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How Telcos will Compete in the Digital Era

Introduction – How Telcos Will Compete in the Digital Era

How telcos will Compete in the Digital Era depends in large part on their ability to roll out new digital services, quickly. This is a vexing problem. Cloud is firmly entrenched and we’re moving beyond this era – into a world dominated by digital services. In the past ten to fifteen years, large telcos have focused on building infrastructure that is highly resilient. Their approach was to harden the network and make sure it stays up. Telcos heavily utilize proprietary hardware that’s very reliable. In this way the telco industry has been incredibly successful. But telco infrastructure is not very flexible and product cycles are extremely long.

How Telcos will compete in the digital era - Visualization from the Opte Project of the various routes through a portion of the Internet

Visualization from the Opte Project of the various routes through a portion of the Internet- Image from Wikipedia

Meanwhile, over-the-top (OTT) service providers have rushed on the scene. Giants like Amazon, Apple, Facebook, Google, Microsoft, Netflix and others have crashed the party. They provide digital services on top of the networks of AT&T, Verizon, Comcast, Charter, T-Mobile and others. The telcos haven’t ridden this wave as effectively, in part because their infrastructure is so fossilized.

Indeed, just look at the market caps of the large telcos and compare them to many of the companies that are riding the digital tailwind. How can the telcos compete with the “born-digital” players? And how can they keep their networks resilient but bring cloud economics and agility to the equation?

Telcos have lots of assets. They also have large installed bases. As Don Tapscott said on theCUBE last year, “God may have created the world in six days, but he didn’t have an installed base.” The revenue telcos get from each data bit is declining. Their capacity requirements are exploding. It’s not a trivial problem to fix.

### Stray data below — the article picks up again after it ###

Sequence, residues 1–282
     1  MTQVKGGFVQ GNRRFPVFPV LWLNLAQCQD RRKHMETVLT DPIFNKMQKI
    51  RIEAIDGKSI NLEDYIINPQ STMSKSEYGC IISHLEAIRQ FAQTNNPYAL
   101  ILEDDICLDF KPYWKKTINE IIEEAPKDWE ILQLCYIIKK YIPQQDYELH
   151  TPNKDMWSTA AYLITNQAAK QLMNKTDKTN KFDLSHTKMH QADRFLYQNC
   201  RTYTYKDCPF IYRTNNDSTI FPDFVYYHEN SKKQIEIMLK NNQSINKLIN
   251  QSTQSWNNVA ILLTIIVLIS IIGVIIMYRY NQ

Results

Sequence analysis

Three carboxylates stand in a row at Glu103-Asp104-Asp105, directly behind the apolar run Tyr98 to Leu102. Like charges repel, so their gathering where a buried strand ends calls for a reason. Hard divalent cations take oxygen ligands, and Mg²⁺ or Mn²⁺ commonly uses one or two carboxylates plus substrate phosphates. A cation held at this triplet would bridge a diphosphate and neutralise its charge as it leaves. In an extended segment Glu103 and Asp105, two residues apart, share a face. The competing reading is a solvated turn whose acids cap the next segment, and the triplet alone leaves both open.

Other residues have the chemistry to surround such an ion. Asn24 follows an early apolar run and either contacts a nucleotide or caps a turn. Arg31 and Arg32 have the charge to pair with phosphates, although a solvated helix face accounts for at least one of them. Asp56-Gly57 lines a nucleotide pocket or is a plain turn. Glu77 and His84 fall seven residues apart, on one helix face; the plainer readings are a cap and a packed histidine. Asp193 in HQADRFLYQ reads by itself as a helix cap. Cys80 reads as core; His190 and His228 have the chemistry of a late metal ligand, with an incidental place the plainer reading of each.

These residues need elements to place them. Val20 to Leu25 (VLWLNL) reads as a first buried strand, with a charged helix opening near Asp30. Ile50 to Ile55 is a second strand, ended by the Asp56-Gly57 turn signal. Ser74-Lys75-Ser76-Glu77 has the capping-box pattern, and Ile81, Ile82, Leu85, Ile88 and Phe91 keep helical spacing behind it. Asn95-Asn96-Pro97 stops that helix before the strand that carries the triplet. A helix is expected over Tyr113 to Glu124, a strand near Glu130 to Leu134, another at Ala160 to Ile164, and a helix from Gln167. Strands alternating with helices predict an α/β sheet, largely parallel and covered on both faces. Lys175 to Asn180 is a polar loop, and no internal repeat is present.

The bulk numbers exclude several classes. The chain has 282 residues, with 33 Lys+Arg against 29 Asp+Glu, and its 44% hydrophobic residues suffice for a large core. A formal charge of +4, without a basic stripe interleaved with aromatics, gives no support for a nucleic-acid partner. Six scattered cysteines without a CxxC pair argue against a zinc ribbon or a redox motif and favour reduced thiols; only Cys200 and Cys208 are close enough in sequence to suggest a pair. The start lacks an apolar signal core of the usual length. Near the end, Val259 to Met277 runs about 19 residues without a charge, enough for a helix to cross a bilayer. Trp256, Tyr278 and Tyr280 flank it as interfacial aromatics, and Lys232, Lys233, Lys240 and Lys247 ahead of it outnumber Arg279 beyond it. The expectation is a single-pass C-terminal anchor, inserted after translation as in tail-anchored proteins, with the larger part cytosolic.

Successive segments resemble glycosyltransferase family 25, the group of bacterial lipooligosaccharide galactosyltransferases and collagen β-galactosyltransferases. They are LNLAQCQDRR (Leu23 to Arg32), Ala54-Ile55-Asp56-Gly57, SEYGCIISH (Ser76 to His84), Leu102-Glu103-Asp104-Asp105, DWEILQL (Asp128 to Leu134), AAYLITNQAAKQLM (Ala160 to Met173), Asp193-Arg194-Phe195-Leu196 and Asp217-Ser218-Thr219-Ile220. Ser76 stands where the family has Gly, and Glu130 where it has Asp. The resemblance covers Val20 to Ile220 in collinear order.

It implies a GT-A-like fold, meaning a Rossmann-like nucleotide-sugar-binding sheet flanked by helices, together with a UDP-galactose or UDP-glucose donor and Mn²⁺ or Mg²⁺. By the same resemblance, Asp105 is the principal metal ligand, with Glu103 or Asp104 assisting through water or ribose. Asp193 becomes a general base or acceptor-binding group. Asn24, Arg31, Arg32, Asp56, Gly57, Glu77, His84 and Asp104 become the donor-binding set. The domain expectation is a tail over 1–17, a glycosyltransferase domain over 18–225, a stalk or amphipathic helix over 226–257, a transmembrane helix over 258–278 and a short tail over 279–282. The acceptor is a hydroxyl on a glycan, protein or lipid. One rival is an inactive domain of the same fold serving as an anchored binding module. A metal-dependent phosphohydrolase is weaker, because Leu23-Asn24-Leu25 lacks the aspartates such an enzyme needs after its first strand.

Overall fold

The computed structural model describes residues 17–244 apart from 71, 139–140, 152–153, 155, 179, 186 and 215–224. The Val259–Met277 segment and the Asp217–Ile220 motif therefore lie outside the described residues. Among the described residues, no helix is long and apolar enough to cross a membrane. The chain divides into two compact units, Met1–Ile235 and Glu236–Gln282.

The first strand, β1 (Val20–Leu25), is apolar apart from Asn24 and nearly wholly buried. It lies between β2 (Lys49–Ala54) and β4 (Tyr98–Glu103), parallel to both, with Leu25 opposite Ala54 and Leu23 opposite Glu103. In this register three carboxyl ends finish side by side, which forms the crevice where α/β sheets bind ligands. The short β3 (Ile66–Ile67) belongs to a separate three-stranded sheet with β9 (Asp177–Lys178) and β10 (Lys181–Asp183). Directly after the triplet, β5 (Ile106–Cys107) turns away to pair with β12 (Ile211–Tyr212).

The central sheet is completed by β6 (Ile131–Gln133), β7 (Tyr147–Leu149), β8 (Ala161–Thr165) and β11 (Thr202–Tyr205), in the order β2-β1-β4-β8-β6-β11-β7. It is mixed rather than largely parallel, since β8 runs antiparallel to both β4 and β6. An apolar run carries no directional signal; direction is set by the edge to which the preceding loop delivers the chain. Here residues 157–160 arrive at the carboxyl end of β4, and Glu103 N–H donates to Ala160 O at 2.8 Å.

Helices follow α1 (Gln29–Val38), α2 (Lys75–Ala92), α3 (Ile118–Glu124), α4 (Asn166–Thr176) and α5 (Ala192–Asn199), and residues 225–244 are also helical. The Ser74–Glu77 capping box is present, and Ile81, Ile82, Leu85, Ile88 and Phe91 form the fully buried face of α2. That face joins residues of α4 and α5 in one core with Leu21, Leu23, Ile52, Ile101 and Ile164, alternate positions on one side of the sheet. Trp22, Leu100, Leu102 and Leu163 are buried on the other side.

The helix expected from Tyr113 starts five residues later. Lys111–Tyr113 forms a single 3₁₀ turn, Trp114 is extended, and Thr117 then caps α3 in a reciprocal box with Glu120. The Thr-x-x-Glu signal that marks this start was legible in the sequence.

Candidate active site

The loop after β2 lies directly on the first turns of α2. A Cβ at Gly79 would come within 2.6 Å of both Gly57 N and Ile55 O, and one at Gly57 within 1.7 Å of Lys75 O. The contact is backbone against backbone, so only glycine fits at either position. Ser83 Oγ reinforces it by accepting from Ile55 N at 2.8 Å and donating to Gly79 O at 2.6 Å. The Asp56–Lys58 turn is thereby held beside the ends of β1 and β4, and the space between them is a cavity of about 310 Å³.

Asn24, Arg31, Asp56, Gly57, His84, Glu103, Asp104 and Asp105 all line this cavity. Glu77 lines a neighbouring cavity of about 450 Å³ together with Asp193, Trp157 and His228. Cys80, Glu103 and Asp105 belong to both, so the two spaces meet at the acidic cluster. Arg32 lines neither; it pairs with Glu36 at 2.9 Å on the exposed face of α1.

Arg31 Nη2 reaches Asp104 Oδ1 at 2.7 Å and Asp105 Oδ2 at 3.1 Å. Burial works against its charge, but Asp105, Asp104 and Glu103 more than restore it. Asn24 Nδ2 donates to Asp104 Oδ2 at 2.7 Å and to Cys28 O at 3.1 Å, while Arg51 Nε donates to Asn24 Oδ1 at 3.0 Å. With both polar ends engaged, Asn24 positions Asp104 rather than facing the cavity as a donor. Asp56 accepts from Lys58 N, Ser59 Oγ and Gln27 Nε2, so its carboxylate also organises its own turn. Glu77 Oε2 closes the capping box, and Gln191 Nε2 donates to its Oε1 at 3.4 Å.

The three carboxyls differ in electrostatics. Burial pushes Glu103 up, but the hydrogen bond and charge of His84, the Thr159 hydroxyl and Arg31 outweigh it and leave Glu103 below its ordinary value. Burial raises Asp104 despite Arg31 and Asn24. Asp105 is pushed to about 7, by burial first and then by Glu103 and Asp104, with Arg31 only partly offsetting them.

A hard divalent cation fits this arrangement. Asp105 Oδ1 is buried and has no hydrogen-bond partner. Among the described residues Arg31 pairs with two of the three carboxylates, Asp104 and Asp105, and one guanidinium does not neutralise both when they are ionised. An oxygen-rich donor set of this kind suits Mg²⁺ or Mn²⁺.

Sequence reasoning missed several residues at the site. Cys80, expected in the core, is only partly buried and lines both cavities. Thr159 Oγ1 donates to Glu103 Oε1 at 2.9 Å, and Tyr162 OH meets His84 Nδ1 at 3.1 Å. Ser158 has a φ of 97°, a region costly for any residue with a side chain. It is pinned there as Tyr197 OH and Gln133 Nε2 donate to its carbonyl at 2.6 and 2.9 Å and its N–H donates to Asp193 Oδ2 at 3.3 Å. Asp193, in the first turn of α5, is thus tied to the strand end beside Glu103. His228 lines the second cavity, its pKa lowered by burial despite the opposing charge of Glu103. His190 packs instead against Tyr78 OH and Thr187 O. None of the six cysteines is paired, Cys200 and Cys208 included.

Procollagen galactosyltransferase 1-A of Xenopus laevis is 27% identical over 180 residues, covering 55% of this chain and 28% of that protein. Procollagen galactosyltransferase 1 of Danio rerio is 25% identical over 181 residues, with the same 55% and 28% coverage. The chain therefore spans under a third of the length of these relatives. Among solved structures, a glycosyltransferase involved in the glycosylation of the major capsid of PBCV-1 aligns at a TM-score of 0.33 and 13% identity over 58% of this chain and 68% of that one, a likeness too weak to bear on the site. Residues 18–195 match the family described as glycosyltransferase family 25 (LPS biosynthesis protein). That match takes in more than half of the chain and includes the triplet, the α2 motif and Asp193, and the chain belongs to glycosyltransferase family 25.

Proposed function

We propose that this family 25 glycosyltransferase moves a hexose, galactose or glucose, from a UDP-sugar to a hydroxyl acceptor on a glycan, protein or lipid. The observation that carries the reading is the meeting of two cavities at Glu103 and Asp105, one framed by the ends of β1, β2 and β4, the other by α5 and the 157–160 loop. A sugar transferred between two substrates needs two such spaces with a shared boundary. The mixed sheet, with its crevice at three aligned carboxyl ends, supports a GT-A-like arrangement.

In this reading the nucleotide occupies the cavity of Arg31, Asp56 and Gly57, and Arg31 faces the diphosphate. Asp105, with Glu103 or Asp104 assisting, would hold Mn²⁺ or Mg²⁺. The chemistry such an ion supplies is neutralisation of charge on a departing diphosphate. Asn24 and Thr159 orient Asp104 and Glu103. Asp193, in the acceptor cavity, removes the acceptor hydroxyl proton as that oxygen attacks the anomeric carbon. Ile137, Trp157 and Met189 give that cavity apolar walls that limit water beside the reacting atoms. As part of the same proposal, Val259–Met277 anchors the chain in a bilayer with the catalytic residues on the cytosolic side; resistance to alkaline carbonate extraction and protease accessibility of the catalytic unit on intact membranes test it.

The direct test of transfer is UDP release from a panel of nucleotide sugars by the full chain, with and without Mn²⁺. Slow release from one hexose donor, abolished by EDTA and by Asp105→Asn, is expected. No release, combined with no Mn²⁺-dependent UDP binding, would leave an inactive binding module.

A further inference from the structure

Telcos basically have two choices:

  1. Provide dumb pipe – not a bad business but not nearly as lucrative as…
  2. Transform and lean into digital services.

Will NFV Provide the Answers?

Yes, some of them anyway.

Network function virtualization came on the scene in 2012.  A working group of the European Telecommunications Standards Institute (ETSI) published a whitepaper called “Network Functions Virtualisation, which drew on concepts related to software-defined networking (SDN).”

Like infrastructure-as-a-service in the early cloud days, NFV is more about agility than cost. A key for how telcos will compete in the digital era is adding value beyond voice or carrier services. But their current infrastructure won’t allow them to quickly roll out platforms so customers can create new services. NFV promises to enable infrastructure that allows digital services to be built on top of telco’s core offerings. Or roll out their own digital services and compete further upstream in the value chain.

Either way, telco network infrastructure has to become more flexible. This requires a move away from monolithic systems where capabilities like firewalls and deep packet inspection are cemented inside of an infrastructure silo. In order to compete, telcos must be able to deliver more flexible mobile services and virtual customer premises equipment (CPE) – i.e. software-defined services such as telephony, routing, switching, set top boxes, gateways, etc. NFV is part of the answer and this is how telcos will compete in the digital era.